Cloud video startup gets growth jolt

WIP CEO Rollo Wenlock.
WIP CEO Rollo Wenlock.

Rollo Wenlock recalls the exact date that inspiration for his startup hit. A few short months later he’s putting both feet to the floor alongside three others in the company, called WIP, at Wellington’s Lightning Lab startup accelerator. 

Short for Work In Progress, WIP is a cloud-based collaboration tool for video makers. It allows people to securely share work-in-progress videos as well as the final video with their team or clients, no matter where in the world they are. 

But the secret sauce, says Wenlock, is WIP also allows people to comment directly on top of the video, with anything from words to images and links. 

“Basically the video becomes a worktop table where everybody can get their thoughts out really succinctly, then move forward really fast.”

Wenlock, who is WIP’s CEO, has 15 years’ experience as a professional filmmaker and was often frustrated while working with the processes available for collaborating on video work, which could be clumsy, slow and allow errors to be introduced.  

He says the idea came in “a flash of inspiration”. He embarked on the process of applying for the Lightning Lab more as a means to hone his thinking about the business. Then the company got in.

A winner of Webstock’s 2013 BNZ Startup Alley competition, WIP is pitching its product far further than professional film production houses, says Wenlock, given the exponential rise in the amount of online video being produced.  

“Everyone makes video now so everybody needs a platform for their work in progress because everyone has to review things at some point,” he says.

Why did you apply for the lab?

The mentors. You get 110 people who are at the top of their game coming through and talking to you about every aspect of your business. It’s been huge. You can put out what you’re doing and they can rip it apart and you become stronger. 

Each team has also found a group of mentors that work for them. We’ve each got a group of about five mentors, which might even turn into our advisory board, which might even turn into our board as we grow and grow ... that also creates credibility. 

The other thing that’s been really good is having this office we’re all in, on the Terrace. We’re all trying to go ahead at high speed on our own companies, but we can also instantly talk to someone else. 

How has the experience challenged you as an entrepreneur?

You can’t bullshit anymore. When you’re working on your own you can kind of bullshit yourself about what you’re doing, but here in the lab every day you have to stand up and do a one-minute pitch in front of a room of new people.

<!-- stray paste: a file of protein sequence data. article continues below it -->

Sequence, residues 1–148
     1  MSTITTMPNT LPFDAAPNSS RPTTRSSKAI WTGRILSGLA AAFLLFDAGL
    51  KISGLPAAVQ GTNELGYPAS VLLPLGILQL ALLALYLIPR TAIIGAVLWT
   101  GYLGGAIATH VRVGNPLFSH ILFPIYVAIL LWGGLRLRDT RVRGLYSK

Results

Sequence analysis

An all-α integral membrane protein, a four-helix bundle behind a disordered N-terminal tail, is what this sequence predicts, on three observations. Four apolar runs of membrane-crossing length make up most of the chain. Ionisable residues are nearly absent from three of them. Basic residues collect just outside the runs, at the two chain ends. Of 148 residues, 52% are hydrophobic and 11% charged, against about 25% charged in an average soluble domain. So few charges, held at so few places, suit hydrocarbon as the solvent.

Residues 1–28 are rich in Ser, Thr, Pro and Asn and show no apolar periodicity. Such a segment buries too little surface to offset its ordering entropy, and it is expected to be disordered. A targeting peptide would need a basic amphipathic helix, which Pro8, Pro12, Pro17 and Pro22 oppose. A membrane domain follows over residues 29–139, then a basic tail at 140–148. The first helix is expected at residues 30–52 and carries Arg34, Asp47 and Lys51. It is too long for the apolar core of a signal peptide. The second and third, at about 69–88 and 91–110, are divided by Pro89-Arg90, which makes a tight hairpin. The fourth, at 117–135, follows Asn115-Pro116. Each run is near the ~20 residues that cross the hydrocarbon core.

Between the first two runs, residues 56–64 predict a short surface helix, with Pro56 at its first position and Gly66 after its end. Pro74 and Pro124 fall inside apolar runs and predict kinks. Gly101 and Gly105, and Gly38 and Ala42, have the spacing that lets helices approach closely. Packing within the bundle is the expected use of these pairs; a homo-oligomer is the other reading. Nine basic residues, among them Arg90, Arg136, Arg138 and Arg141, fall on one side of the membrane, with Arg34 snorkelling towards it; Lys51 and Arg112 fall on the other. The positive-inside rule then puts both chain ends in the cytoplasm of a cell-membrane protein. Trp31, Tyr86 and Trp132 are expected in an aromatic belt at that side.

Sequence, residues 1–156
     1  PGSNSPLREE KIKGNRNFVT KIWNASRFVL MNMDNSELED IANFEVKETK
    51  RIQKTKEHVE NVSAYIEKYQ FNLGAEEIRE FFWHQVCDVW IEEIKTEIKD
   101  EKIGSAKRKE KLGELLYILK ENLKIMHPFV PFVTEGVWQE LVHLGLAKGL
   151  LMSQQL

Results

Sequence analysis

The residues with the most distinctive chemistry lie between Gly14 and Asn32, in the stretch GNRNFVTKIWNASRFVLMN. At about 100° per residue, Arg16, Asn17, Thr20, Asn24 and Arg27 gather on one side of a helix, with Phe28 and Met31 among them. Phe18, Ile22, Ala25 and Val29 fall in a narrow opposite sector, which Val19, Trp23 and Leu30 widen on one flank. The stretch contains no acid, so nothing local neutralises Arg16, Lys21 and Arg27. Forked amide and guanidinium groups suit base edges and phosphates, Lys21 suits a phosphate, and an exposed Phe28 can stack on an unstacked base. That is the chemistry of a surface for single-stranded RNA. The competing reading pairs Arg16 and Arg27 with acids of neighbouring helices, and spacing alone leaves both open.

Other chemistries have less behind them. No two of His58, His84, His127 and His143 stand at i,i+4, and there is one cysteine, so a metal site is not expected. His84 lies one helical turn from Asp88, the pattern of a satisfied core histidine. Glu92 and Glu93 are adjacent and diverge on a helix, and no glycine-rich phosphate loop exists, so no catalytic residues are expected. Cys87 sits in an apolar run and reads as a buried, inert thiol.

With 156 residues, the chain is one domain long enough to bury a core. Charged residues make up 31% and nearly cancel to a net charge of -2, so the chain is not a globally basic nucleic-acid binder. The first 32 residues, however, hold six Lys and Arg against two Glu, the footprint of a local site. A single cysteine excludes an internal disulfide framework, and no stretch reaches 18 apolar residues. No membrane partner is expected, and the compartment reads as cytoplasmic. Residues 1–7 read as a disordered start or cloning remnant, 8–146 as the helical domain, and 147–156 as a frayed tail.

You have to validate or invalidate everything that’s happening. You have to validate every assumption and if you can’t prove it then you have to throw it away. 

One thing that’s really difficult is that a lot of us in the lab have got families. I’ve got a partner and a five-month-old baby so also trying to share the responsibilities of that with being in the lab from eight in the morning to 10 at night is really difficult. Trying to find that balance has probably been the hardest thing. 

What are biggest lessons you’ve learned?

The learning has been enormous. What a business is, compared to what I knew at the start, it’s 100% different. At the start I was thinking you make this really cool product and you make it look as cool as you can and you make it work well enough and you put it on the internet and people will find it and start paying you. 

Now it’s like none of that matters. You have to have a market, you have to prove you’ve got it and you have to prove everything else. If you can’t then you don’t have a business.

Any advice you’d give to other startups?

Don’t do a startup in an area that you have no experience in. Know the world you’re going into. 

The other thing is if you have an idea don’t hold on to it. As soon as you have an idea, scheme it up in a drawing or a sentence and then go and tell someone about it. 

And if they don’t respond to it you either haven’t explained it properly or it sucks. And if it sucks just throw it away. 

Otherwise you could spend six months working quietly on this thing and you might even have a good idea but you might have built something completely wrong because you haven’t asked anybody what they actually want it to do.